A stable lead stain by modification of sato's method

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Proc. XIth Int. Cong. on Electron Microscopy. Kyoto. 1986, pp. 2181-2182. [English corrected]



Central Lab. of Electron Microscopy, Dept. of Pathology*,

Nagoya University School of Medicines-Showa-ku, Nagoya 466, Japan,

and Katayama Chemical Industry Co. LTD**, Osaka 541, Japan.
Since the first report by Watson2, various lead stains have been developed in order to increase contrast and reduce contamination in sections for electron microscopy. One of the disadvantages of lead stains so far developed is that the staining solution is apt to produce a precipitate of lead carbonate, resulting in difficulty in long-term storage of lead stains. We will recommend a new stable lead solution which is free from precipitate over one year at room temperature. A stock lead solution was made up as follows;

Anhydrous lead citrate Pb(C8H5O7)2 0.20 g

Lead nitrate Pb(NO3) 0.15 g

Lead acetate Pb(CH3COO)2 · 3HO2 0.15 g

Sodium citrate Na3(C6H5O7) · 2H2O 1.00 g

Distilled water 41.0 ml

The above reagents placed in a 50 ml volumetric flask were mixed well to make a yellowish milky solution. Then, the solution was added 9.0 ml of 1 N NAOH and mixed well until the solution became transparent with light yellowish color.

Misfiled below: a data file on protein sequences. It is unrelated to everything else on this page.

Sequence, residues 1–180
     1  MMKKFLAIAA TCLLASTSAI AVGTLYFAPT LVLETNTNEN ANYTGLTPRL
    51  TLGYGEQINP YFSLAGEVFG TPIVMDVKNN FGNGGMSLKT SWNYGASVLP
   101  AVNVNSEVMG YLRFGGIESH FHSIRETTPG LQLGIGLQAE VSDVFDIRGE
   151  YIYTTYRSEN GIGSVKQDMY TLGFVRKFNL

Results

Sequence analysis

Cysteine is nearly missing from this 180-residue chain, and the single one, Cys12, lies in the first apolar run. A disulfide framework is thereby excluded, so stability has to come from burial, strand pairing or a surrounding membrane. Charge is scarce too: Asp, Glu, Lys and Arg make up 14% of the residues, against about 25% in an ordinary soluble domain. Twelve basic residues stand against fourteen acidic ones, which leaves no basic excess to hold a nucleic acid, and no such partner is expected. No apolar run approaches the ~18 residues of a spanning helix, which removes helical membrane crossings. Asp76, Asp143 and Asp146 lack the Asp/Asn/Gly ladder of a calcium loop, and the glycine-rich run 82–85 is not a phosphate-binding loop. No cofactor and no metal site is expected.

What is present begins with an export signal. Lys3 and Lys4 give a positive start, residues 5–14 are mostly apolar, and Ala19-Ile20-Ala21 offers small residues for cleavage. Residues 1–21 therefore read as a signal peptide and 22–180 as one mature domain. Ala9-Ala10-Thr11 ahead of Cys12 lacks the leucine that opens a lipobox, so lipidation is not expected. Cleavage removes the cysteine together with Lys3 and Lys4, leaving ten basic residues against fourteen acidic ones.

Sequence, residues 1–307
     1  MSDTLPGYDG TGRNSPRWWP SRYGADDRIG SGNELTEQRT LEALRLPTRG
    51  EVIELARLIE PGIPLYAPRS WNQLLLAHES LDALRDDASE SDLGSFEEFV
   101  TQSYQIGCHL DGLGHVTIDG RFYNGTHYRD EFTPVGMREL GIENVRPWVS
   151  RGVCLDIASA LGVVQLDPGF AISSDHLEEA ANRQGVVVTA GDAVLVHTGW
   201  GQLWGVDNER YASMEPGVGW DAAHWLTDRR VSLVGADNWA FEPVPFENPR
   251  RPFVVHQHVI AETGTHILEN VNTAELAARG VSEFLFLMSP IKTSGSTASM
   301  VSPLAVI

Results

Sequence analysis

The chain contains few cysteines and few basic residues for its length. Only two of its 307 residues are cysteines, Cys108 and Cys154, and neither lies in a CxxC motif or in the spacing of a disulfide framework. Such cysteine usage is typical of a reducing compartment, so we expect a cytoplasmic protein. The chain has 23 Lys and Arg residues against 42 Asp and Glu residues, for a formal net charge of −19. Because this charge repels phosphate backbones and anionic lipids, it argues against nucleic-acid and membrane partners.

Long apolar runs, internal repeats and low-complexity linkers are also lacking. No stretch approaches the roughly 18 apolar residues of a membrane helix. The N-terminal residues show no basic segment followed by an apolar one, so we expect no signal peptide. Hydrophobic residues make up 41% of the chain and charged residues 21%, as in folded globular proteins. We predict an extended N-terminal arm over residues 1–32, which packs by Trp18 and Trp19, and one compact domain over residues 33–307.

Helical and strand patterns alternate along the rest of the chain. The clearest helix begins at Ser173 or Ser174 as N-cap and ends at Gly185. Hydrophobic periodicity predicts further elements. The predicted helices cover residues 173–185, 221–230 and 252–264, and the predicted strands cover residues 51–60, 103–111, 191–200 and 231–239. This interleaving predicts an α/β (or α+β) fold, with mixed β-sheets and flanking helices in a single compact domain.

In order to assess the stability, the solution thus prepared was divided into two aliquot parts and each was kept in brown glass bottles with a plastic screw cap. One bottle was left at room temperature, and the other was kept in the refrigerator until use. The solutions from both bottles were checked every 30 days for the presence of precipitate and stainability. Staining of thin sections with the lead solution was carried out by the procedures recommended by Sato. Normal mouse liver, fixed doubly with glutaraldehyde/OsO4 and embedded in Epon, was used for the experiments.

No precipitates were found either in the solution kept at room temperature or in the refrigerator over one year.

As shown in Fig. 1, a mouse liver cell stained with the lead solution immediately after preparation shows suitable contrast similar to that (Fig.2) stained with the Sato's original solution1. Sections from the same specimen were similarly stained with lead solution kept at room temperature for more than 6 months (Fig.3). No contamination was noticed in the sections, even when the solution was used without filtration. While a lot of contamination was observed in the sections when Sato's original solution was used without filtration.

1. Sato, T.: J. Electron Microsc. 17:158, 1968.

2. Watson, H.L.: J. Biophys. Biochem. Cytol. 4:727,1958.

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